Train an 'Emergency Stay/Down' - German Shepherd Dog Forums
 
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post #1 of 9 (permalink) Old 09-07-2012, 07:38 PM Thread Starter
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Train an 'Emergency Stay/Down'

I'm stuck. My boy has a fantastic recall. I have never worried (much) about him running off after something he shouldn't or somewhere he shouldn't because even a simple 'come here' gesture with my hand has him sprinting back to my side and he will sit at my side. He also has a pretty decent stay. I have held him in a stay for a full two minutes and his time keeps getting longer and longer.

I'm not sure how to translate it into him not returning to me from a distance. He does not hesitate when I speak to him from a distance to return to my side. I don't want to start training this for fear of training the wrong thing into him and having to start over.

Bonus question: When I was 16, I brought home the first dog I was old enough to train on my own, a Chow/Husky mix. He was about 4 months old. I was with my mother and we were playing with him. He was playing with my mother and he bit her, hard. My mother grabbed him by the scruff of his neck and bit him on the ear. He never even play nibbled after that; there was the occasional missed the toy and got the hand incident, but no biting after that. Was that just a fluke, or did my mother know something that she has failed to pass on?
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post #2 of 9 (permalink) Old 09-07-2012, 07:46 PM
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Onyx's breeder did that to her female too(bit her ear). Said it stopped the biting immediately. I find it to be 'old school' method, but it must have worked for her...many other methods of her training were compulsion based. Not something I'd do, personally.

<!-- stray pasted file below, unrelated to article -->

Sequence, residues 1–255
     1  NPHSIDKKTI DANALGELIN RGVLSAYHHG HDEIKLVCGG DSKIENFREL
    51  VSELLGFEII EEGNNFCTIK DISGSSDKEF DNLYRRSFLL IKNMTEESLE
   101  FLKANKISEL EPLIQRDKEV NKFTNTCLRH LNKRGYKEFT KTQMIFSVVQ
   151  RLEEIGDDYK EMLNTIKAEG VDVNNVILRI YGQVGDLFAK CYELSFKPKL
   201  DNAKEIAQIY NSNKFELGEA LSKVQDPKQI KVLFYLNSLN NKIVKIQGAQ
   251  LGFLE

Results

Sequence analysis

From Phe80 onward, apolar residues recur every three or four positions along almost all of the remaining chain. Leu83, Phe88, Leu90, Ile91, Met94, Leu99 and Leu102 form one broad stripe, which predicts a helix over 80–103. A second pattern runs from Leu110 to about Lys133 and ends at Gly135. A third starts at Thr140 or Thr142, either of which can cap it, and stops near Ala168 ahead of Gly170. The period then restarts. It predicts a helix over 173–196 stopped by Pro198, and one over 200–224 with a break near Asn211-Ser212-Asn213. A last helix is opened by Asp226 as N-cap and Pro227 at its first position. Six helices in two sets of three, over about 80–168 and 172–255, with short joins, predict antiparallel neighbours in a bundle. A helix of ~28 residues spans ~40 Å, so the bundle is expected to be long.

My pups were never mouthy like that but I always had toys/tugs to play with.
As far as the down from a distance, work on downs on command. When the word is instilled by a good foundation it should be automatic when he hears it. You could add a hand signal in your training as well.

I use the hose(my dog loves to chase the hose spray) or a toy and ask for 'platzes' randomly and reward. Then I do a send out to a toy or the toy is on me(fake him out). Send him out, platz him, reward comes from me or I free him to get the toy.
Do you use toys or treats in your training?

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Last edited by onyx'girl; 09-07-2012 at 07:49 PM.
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post #3 of 9 (permalink) Old 09-07-2012, 10:00 PM Thread Starter
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He has two types of treats. He gets a liver treat for anything he can do on command without fail normally and a piece of hot dog as his "Jackpot" treat for doing new things. He would do just about anything for a tennis ball or a good tug toy, so we use it after a training session to wind down.

I think since I'm trying to use a different word for the emergency stay, Freeze!, he's getting mixed up. I can get him to stop moving and sit when I am close to him, but put more than 5 feet between us and he's coming right back to me.
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post #4 of 9 (permalink) Old 09-07-2012, 10:13 PM
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Since he has toy drive and will work for a toy it makes the emergency down very easy.

I started with random sits or downs in the house when he was away for me, then when he was outside. I also got him sitting or down while I was walking. A police officer showed me that if I got him to down at a distance I should throw the reward ball past him (not between him and me) and that helps motivate him not breaking the down or trying to get closer to you before they down because the reward is behind them. Don't know if that was proper advice but it sure made it easy for us.